The latest observations revealed some previously unknown details of the Southern Ring Nebula, some 2,000 light-years away from Earth in the constellation Vela. And thanks to the new infrared images and existing data from ESA’s Gaia observatory, researchers were able to precisely pinpoint the mass of the central star before the nebula was created.
Around 2,500 years ago, a star died, ejecting most of its gas to form the Southern Ring Nebula or NGC 3132. And in the latest research, scientists were able to recreate this “crime scene.” Webb spotted this central star along with two more previously unseen ones. Almost 70 researchers from 66 organizations came together to solve this case, led by Orsola De Marco of Macquarie University in Sydney, Australia. They analyzed Webb’s ten highly detailed exposures of the dying central star, and they had some remarkable conclusions.
According to the calculations, the central star was nearly three times the mass of the Sun before it died and ejected its layers of gas and dust. “After those ejections, it now measures about 60 percent of the mass of the Sun,” NASA writes. “Knowing the initial mass is a critical piece of evidence that helped the team reconstruct the scene and project how the shapes in this nebula may have been created.”
Additionally, the researchers concluded that the star interacted with one or even two smaller companion stars before shedding its layers. They assume that the interacting stars may have launched two-sided jets, which is what we now see at the edges of the nebula. “This is much more hypothetical, but if two companions were interacting with the dying star, they would launch toppling jets that could explain these opposing bumps,” De Marco explained. “The dusty cloak around the dying star points to these interactions.”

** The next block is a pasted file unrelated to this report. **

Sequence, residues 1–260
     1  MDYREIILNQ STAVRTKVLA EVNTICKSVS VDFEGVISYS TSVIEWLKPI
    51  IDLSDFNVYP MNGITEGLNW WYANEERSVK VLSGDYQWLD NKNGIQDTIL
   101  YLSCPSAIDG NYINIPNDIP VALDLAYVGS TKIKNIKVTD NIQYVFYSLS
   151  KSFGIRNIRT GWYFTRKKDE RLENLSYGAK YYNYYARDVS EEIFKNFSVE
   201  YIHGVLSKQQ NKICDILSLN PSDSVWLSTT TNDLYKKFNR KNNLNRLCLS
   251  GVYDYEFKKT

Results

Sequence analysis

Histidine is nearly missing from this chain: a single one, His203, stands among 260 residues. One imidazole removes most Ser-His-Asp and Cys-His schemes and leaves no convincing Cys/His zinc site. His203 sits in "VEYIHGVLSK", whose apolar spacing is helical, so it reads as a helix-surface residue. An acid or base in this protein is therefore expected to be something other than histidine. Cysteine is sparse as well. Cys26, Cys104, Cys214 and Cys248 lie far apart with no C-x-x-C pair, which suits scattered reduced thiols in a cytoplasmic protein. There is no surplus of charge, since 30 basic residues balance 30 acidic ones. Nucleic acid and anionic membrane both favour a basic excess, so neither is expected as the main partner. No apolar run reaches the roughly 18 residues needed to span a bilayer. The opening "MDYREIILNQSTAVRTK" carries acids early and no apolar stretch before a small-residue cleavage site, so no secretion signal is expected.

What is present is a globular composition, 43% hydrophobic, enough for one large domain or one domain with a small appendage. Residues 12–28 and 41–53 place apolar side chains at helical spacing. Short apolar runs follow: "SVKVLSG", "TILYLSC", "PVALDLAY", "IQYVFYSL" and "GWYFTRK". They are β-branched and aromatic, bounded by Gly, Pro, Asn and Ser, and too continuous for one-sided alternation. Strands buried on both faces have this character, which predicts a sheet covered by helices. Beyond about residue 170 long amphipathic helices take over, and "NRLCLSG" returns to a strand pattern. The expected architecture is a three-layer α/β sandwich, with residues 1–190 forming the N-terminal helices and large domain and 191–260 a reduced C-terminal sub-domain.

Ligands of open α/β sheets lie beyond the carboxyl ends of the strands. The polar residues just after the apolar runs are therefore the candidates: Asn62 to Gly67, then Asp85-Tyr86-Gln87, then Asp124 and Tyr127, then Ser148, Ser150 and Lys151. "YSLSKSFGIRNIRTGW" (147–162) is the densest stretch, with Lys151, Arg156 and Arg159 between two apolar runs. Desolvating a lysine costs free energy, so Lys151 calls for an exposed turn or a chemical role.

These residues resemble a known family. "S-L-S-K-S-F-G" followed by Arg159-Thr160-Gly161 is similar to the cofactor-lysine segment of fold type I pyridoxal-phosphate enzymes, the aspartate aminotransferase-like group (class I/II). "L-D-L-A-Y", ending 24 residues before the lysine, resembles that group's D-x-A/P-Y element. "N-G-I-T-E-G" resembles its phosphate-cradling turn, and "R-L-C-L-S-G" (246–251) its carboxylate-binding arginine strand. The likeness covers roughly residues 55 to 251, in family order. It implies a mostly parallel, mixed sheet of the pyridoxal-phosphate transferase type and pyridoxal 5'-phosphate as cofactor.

And where are those companion stars now? NASA explains that they are several possibilities. They’re “either dim enough to hide, camouflaged by the bright lights of the two central stars, or have merged with the dying star.” I guess that’s something still to be discovered.
At first sight, the images reminded me of Markus Hofstätter‘s recent project, showing extreme macro close-ups of the human eye, as the nebula looks like the human eye from up close. These two seemingly different sets of images reminded me that we’re a part of this universe and that maybe we’re truly all made of stars.
[Image credits: NASA, ESA, CSA, and O. De Marco (Macquarie University). Image processing: J. DePasquale (STScI)]